Both public and private housing prices in Singapore have finally come down after a raft of government market curbs.
Prices in the once red-hot suburban private home market dropped in the fourth quarter of last year for the first time since 2009, new data yesterday showed. This dragged down overall private home prices.
Housing Board flat resale prices also tumbled in the October to December period, hard on the heels of a third-quarter decline.
This marked the first time public housing prices have slid for two straight quarters since 2005.
Consultants said weak demand for homes could mean that sellers will finally be at the mercy of home buyers this year, adding that a bumper crop of upcoming homes will swing things more heavily in favour of buyers.
"Beyond doubt, it is a buyer's market," said PropNex chief Mohamed Ismail. "Sellers today cannot dictate prices at whim."
Colliers International research head Chia Siew Chuin said buyers expect a correction this year - and this is likely to keep prices in check. Prospective home buyers want to wait for prices to fall further before buying, pointing to heftier stamp duties and tough debt-to-income ratio limits on loans imposed last year.
"There are a lot of new launches and they can't really sell, and rentals are softening. It's a good time to scout around," said Ms N.C. Ling, 59, an entrepreneur.
Overall private home prices sank 0.8 per cent in the fourth quarter from the third, Urban Redevelopment Authority (URA) flash estimates yesterday showed. This was the first overall slide since the first quarter of 2012, and a reversal of the 0.4 per cent gain in the third quarter.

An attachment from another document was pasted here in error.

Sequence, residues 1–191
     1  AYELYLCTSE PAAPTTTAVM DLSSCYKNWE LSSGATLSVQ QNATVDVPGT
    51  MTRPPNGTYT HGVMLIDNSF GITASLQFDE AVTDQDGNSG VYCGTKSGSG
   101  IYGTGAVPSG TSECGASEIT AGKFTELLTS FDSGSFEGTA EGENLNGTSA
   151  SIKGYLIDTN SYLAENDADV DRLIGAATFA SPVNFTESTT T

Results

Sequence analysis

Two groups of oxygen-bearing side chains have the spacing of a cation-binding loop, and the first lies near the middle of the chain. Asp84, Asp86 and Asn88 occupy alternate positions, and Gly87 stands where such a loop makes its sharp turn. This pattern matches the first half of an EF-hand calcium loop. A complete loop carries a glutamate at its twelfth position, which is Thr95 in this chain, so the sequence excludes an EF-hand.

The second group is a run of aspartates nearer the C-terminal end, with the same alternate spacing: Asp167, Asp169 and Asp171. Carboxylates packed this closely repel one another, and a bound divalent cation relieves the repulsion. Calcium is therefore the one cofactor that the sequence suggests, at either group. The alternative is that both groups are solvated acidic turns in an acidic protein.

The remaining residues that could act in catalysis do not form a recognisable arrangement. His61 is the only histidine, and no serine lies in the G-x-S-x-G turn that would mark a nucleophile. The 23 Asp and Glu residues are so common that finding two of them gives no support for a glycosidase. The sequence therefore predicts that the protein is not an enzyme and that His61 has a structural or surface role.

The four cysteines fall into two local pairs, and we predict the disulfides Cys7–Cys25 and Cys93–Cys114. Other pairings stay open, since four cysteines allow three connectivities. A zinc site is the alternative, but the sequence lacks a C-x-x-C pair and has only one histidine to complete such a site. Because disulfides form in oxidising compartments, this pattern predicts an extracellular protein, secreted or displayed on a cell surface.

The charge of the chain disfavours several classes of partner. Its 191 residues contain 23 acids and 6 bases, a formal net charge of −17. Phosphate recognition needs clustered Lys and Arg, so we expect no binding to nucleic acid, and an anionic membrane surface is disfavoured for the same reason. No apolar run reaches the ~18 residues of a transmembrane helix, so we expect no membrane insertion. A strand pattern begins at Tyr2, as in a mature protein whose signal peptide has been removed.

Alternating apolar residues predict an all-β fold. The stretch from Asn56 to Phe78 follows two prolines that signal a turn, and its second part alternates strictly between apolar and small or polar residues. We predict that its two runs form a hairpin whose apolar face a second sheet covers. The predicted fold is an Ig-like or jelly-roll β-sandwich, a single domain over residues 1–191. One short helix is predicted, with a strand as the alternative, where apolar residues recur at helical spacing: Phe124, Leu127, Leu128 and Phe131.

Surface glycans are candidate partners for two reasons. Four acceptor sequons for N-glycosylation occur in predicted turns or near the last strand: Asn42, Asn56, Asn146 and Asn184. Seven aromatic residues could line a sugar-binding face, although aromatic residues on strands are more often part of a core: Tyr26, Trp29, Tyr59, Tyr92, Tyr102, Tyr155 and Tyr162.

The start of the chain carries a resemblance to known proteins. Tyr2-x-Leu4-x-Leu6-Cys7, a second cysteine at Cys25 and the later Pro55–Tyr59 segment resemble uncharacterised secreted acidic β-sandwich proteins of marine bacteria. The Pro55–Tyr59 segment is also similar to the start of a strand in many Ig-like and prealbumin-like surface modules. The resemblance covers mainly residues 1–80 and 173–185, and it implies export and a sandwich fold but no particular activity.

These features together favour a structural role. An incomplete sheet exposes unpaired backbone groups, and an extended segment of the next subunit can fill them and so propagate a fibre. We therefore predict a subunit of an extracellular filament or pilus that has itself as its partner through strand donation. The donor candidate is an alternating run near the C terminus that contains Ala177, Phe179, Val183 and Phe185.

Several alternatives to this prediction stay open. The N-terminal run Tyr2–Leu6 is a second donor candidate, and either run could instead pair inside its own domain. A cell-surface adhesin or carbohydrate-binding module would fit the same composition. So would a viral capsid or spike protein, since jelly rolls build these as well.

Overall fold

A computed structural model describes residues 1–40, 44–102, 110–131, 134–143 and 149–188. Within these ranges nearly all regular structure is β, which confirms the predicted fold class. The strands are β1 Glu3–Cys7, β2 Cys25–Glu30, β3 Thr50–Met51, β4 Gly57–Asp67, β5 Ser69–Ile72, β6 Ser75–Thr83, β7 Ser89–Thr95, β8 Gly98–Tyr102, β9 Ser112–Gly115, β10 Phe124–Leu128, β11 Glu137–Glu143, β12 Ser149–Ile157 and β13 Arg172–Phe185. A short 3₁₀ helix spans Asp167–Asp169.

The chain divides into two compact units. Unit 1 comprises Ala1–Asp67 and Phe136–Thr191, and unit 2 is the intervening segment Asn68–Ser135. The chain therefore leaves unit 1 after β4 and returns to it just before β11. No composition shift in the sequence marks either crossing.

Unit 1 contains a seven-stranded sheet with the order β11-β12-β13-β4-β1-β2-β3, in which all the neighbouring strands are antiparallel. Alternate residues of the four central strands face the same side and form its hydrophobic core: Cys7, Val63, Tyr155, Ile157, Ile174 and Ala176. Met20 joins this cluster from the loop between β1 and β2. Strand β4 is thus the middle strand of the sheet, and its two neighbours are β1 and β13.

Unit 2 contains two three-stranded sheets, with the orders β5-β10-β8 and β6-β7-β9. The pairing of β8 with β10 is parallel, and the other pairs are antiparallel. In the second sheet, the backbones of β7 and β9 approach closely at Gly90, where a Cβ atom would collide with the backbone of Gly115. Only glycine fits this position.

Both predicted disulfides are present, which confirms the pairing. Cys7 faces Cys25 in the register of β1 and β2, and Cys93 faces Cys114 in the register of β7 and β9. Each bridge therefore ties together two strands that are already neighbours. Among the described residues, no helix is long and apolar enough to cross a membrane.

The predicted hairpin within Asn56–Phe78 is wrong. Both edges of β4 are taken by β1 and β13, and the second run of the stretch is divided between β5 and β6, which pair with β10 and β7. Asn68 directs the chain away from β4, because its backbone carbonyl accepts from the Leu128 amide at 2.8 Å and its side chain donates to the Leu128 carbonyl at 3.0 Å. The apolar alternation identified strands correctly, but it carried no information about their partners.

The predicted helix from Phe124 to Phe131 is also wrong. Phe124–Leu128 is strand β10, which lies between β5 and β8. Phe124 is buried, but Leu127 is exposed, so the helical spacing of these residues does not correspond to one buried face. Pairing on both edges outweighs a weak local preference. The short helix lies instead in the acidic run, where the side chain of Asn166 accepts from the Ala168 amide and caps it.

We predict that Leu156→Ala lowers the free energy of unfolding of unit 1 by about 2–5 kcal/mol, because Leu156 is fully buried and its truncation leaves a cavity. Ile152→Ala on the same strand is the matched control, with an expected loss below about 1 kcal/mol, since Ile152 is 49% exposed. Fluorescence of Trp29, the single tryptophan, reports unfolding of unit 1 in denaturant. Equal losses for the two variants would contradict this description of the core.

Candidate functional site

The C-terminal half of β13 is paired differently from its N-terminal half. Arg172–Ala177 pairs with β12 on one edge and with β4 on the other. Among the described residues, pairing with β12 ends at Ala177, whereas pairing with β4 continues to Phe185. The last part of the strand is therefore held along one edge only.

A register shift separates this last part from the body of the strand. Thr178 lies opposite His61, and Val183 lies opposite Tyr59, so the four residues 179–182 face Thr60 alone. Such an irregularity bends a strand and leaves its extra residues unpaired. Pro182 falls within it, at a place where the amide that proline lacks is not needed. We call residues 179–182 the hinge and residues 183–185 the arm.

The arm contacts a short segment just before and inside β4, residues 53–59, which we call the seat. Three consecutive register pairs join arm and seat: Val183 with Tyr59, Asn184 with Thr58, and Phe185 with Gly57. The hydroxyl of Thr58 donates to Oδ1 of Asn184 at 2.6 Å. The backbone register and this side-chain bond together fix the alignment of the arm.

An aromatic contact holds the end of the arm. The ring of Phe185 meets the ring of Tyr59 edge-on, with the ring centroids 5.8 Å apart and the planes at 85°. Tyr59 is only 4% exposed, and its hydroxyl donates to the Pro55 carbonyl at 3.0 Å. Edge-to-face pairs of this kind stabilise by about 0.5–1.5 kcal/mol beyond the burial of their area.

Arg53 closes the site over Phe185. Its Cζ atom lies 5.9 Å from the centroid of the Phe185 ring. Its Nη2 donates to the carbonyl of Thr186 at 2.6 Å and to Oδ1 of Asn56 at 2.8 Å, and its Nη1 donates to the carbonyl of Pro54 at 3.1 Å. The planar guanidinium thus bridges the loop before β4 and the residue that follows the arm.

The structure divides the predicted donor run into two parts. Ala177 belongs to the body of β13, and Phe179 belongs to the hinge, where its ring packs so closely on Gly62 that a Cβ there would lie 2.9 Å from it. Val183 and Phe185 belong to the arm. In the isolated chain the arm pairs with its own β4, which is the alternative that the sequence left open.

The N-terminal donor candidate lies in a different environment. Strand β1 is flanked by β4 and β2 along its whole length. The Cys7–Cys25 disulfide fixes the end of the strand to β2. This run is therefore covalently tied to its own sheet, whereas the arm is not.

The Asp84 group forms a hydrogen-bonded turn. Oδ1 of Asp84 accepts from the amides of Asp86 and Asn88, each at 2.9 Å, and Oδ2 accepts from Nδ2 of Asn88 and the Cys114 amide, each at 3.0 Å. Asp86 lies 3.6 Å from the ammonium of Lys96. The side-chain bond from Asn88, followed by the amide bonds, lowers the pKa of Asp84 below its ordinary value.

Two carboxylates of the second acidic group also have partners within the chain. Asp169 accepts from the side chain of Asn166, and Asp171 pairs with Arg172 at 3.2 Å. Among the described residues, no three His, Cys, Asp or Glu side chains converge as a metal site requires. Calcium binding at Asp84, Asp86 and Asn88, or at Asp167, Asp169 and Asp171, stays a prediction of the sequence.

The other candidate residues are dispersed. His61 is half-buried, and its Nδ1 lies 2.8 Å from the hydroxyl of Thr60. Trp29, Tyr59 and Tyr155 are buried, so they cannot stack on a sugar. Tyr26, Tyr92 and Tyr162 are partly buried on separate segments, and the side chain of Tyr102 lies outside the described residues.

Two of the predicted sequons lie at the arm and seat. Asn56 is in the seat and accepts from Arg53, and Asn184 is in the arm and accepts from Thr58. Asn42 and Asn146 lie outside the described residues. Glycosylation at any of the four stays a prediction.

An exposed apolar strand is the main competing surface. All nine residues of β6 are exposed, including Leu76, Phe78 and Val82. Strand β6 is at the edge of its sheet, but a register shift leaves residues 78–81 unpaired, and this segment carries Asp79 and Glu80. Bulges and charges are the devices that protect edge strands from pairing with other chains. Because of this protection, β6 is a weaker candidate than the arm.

The main factor was suburban non-landed private homes, previously the only segment propping up the overall price index amid lacklustre market activity.
Suburban private home prices slipped 0.6 per cent in the fourth quarter - their first slide since the second quarter of 2009 - after climbing 2.2 per cent in July to September.
Falling HDB resale flat prices likely dented demand for mass-market private homes by shrinking the pool of HDB upgraders, said Knight Frank research head Alice Tan.
HDB flat resale prices fell 1.3per cent from the third quarter to the fourth quarter.
Ms Tan said stricter loan restrictions have forced buyers to tighten their belts.
Mr Alvin Leow, 45, a senior manager in the paint industry, said that prices would have to fall a little more before he would buy a private home in the suburbs, due to smaller home loan amounts. He lives in a five-room HDB flat.
The city centre had the sharpest price drop in the fourth quarter, with non-landed private home prices sliding 2.2 per cent.
OrangeTee research head Christine Li cited price cuts at new launches such as Duo Residences in Bugis that were priced "below market expectations".
The price declines in both the mass-market and luxury home segment outweighed a rise in non-landed home prices on the city fringe.
As a whole, private home prices grew 1.2 per cent last year, well down on the 2.8 per cent rise in 2012, the URA said.